Every time I read a Yoko Tawada title, I almost want to go finish my almost-ABD PhD (in post-war German and Japanese literatures). Sadly, I recently got the news that my advisor/mentor passed away, so going back would be impossible without him; even though I didn’t see him enough after I left, I was always comforted knowing he was there in that Ivory Tower … as my husband said when I shared the news, “well, now he’s everywhere in the ether around you, and you can talk to him anytime.” I suppose having ongoing chats about Tawada with him makes me miss him less – she certainly provides plenty to talk about …
The Naked Eye is Tawada’s first novel available in English; Tawada writes in both Japanese (her native language) and German (her adopted tongue) and has won top literary prizes in both languages. The book’s translator notes about Naked, “She started the novel in German, but then parts of the story began occurring to her in Japanese, and so she continued writing sections of the book now in one language, now in the other, later translating in both directions until she arrived sumltaneously at two complete manuscripts.”
Language always looms large in Tawada’s works, and this one is no different. The young protagonist in Naked both struggles with language and resists learning the words that surround her. She is a Vietnamese high school student who arrives in East Berlin to deliver a paper at an international conference. Already she is linguistically and culturally displaced. She meets a West German university student, inadvertently gets drunk with him the first night of her visit, and wakes up virtually his prisoner in his far away hometown. Stripped of language, culture, and family, she remains trapped with him until she just walks out one day, gets on a passing train hoping to get to Moscow from where she might finally return home, but ends up in Paris, culturally and linguistically displaced yet again. Befriended by a series of strangers, she spends over a decade in limbo – watching Catherine Deneuve films over and over again – losing more and more of her identity along the way.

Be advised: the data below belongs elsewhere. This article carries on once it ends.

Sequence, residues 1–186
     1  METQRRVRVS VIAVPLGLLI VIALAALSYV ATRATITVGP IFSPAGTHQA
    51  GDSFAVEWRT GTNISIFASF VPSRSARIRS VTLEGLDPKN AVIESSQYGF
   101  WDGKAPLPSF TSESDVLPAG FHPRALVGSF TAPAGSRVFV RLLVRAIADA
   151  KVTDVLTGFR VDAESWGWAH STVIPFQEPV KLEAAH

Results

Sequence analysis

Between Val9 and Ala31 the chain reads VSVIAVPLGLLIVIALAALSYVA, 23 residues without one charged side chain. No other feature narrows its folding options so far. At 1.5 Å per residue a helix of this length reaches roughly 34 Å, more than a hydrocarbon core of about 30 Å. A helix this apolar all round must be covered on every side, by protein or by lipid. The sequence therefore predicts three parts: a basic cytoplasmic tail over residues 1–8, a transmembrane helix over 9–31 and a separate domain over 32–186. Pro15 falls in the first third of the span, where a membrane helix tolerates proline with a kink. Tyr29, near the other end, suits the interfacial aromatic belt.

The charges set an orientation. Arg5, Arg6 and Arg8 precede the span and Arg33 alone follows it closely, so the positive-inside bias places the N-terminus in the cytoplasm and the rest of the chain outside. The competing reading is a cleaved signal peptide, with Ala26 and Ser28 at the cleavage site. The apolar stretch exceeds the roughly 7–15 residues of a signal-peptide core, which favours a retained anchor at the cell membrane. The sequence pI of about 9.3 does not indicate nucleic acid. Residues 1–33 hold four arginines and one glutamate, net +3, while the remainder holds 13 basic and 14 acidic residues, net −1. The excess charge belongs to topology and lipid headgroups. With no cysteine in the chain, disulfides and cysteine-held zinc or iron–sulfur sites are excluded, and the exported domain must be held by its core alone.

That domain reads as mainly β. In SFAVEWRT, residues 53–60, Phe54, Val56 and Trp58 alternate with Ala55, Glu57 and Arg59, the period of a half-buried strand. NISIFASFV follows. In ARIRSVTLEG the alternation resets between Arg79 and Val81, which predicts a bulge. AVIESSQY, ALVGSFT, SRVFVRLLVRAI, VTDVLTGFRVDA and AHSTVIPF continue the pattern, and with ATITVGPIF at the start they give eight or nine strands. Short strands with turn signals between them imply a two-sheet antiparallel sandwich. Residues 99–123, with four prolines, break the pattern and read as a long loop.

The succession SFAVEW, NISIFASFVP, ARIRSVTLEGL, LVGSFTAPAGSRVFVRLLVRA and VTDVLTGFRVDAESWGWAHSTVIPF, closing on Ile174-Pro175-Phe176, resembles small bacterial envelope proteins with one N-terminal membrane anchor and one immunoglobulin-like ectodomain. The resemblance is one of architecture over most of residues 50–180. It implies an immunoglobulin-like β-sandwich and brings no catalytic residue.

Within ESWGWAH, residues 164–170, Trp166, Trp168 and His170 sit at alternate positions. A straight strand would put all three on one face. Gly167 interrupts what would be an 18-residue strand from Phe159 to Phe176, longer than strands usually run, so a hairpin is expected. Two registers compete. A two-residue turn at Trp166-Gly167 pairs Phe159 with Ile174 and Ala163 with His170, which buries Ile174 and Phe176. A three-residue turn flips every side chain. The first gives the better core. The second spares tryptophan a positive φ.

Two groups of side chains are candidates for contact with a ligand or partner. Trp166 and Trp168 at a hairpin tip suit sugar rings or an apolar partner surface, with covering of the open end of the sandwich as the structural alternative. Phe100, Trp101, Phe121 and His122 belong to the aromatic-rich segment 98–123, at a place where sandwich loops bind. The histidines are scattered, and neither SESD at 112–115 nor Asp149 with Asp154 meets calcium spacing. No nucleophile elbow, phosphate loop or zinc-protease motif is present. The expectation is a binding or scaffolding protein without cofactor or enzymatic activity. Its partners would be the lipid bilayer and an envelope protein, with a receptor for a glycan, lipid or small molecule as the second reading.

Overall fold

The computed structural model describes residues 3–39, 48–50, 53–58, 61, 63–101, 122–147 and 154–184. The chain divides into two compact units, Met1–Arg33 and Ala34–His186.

That’s the basic story of what happens. Or so it seems. But really, Tawada’s novel has a whole other dimension that is mind-boggling in its cleverness – and I’m sure my PhD-deprived brain is too untrained at this late stage to have understood it all, but what a fantastic challenge to just try! Every chapter is the name of a Catherine Deneuve film – and every chapter shares elements with their respective film’s plots. To our non-French speaking Vietnamese illegal immigrant, Catherine Deneuve, in her various celluloid incarnations, becomes both her obsession and her teacher. Even as she does not speak the film’s language, she watches the films multiple times, gaining new understanding with each repetitive viewing. With each screening, Catherine the actress becomes more real and her filmic world that much more understandable, while the young Vietnamese girl literally fades further and further.